• Garlic can be cultivated by planting a clove in the ground. It is usually planted in the fall and harvested in late spring or early summer. A stalk will begin to grow from the plant's center, and produce a flower bud, called a "garlic scape," which will eventually flower unless the scape is removed to encourage the bulb's growth. Garlic scapes taste like garlic!
  • A garlic bulb is made up of 10 to 20 cloves. The bulb and cloves are covered with white, papery protective leaves or sheaths that are removed before eating or cooking.

How to Pick, Buy & Eat

  • Garlic is almost ready to pick when the plant leaves turn yellow. It is time to harvest when the two lower leaves turn brown. If you dig out a bulb from the ground and the cloves have not fully grown into their skins, wait a little longer before picking the rest. 
  • You can eat garlic right after picking it or let the bulbs dry out (cure) so they last longer in storage. Lay them out where the air will circulate, or hang them from their stems in a shady, dry place. Depending on the weather, curing can take two weeks to two months. The roots will shrivel and become stiff, and the leaves will be completely dried out and brown.  
  • After removing the leaves at the neck of the garlic bulb, and trimming the roots, store the bulbs in a breathable container where they can remain dry. 
  • When choosing garlic from the market, the cloves in a garlic bulb should feel firm, not soft, when you squeeze them gently. If they are too dry, the space where a clove would be may feel hollow.  
  • When you are ready to use a few garlic cloves in a recipe, press down on the bulb, root side down, to loosen the cloves. Separate the cloves you need with your fingers and use a knife to trim the tip and root end. Then, lay the flat side of a large knife on a clove on a cutting board and press down on the blade to lightly crush the clove and release its skin, making it easier to peel off. It can then be used whole, sliced, or minced. 
  • Garlic is a root vegetable and an essential ingredient in many countries' dishes. You can use garlic to season sauces, spreads, salad dressings, meats, breads, and vegetables. It adds a warm, distinctive flavor to butter and mashed potatoes.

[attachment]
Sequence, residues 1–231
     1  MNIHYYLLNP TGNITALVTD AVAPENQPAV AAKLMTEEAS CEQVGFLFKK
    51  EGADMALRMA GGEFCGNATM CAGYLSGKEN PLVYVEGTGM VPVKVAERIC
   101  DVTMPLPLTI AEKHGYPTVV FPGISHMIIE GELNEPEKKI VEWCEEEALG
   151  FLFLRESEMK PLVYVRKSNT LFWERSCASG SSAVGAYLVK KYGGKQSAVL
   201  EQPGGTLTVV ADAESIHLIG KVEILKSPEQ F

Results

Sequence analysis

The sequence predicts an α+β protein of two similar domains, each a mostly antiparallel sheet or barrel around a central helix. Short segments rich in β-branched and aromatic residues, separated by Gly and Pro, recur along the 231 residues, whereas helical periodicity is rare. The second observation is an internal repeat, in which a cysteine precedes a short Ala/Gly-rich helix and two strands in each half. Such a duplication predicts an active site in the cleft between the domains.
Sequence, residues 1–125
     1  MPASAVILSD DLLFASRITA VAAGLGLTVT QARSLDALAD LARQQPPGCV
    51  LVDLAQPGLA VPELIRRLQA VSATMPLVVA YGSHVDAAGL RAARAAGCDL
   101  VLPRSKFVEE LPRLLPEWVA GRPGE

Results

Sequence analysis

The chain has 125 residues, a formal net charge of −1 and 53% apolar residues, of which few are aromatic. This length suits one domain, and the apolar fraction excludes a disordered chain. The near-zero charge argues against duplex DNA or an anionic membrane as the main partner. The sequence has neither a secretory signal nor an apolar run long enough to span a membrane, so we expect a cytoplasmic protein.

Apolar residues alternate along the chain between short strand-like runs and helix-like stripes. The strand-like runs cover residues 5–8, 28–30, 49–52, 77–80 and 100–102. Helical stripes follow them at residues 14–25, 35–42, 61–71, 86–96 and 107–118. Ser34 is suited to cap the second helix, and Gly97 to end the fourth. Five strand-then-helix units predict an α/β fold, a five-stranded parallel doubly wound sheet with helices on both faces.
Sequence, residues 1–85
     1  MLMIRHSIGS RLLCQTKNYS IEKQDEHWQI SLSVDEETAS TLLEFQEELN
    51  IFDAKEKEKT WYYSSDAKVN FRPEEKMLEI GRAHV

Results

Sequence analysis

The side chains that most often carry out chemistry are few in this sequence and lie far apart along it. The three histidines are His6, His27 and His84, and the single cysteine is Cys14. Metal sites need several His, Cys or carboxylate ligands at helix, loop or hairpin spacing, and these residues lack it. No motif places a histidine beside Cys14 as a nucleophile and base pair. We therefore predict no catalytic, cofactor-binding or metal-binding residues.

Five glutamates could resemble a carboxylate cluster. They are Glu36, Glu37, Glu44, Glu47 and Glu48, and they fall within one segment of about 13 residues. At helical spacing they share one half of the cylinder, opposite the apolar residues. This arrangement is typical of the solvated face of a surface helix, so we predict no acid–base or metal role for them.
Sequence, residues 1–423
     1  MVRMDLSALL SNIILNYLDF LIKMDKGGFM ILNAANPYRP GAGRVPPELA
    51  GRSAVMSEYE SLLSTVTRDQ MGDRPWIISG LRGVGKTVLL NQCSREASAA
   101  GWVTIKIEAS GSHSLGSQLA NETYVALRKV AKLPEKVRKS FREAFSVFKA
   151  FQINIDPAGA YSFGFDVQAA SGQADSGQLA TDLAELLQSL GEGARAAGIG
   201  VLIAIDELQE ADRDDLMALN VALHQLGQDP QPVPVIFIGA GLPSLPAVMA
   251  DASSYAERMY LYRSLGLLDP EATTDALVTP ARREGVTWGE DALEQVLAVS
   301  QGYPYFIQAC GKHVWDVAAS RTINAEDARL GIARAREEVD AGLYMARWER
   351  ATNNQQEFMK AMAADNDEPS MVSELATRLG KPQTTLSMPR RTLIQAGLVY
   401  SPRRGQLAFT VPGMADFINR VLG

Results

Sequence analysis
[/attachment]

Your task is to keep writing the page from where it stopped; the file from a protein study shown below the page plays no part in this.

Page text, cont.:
• Garlic produces a pleasant but pungent aroma; if it gets on your hands, there are several ideas to remove the smell from your skin. You can try various scrubs: a paste of salt, baking soda, and water; salt and lemon juice; or coffee grounds or instant coffee and water. Rubbing vinegar or tomato juice on your hands might work. Another method is to hold a stainless steel utensil under cold running water and then rub your hands on the utensil (or stainless steel sink). Supposedly, when the stainless steel molecules bind to the sulfur molecules in the garlic, the odor transfers to the stainless steel.


  • Garlic, especially raw garlic, has a few health benefits when eaten regularly. It is thought that eating 1 to 2 cloves a day may help to lower cholesterol, protect the heart, fight infections, prevent some cancers, and reduce blood clotting. A sulfur-containing compound in garlic called "allicin" is primarily responsible for these benefits.
  • Garlic can also be detrimental to health by contributing to acid reflux, and if a person is taking medicine to prevent clots, they may want to avoid garlic.

Let's Learn About China!

Photo by XiXinXing/
  • China's official name is The People's Republic of China. It became a republic in 1912; however, the first Chinese dynasty appeared around 2100 BCE. China is one of the largest countries in the world, and it has the most people!